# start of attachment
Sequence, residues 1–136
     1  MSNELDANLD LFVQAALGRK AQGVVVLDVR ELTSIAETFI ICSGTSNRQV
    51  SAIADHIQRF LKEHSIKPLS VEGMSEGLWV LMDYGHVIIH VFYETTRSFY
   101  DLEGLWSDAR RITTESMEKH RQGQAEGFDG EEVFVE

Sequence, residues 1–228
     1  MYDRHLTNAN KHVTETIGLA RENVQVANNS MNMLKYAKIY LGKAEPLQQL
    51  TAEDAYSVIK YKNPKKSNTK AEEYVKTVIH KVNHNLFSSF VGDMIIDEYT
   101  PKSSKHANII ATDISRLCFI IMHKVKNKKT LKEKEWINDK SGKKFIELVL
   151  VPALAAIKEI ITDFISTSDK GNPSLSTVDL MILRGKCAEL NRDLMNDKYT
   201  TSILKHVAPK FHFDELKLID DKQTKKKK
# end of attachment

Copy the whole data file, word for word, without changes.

Sequence, residues 1–136
     1  MSNELDANLD LFVQAALGRK AQGVVVLDVR ELTSIAETFI ICSGTSNRQV
    51  SAIADHIQRF LKEHSIKPLS VEGMSEGLWV LMDYGHVIIH VFYETTRSFY
   101  DLEGLWSDAR RITTESMEKH RQGQAEGFDG EEVFVE

Sequence, residues 1–228
     1  MYDRHLTNAN KHVTETIGLA RENVQVANNS MNMLKYAKIY LGKAEPLQQL
    51  TAEDAYSVIK YKNPKKSNTK AEEYVKTVIH KVNHNLFSSF VGDMIIDEYT
   101  PKSSKHANII ATDISRLCFI IMHKVKNKKT LKEKEWINDK SGKKFIELVL
   151  VPALAAIKEI ITDFISTSDK GNPSLSTVDL MILRGKCAEL NRDLMNDKYT
   201  TSILKHVAPK FHFDELKLID DKQTKKKK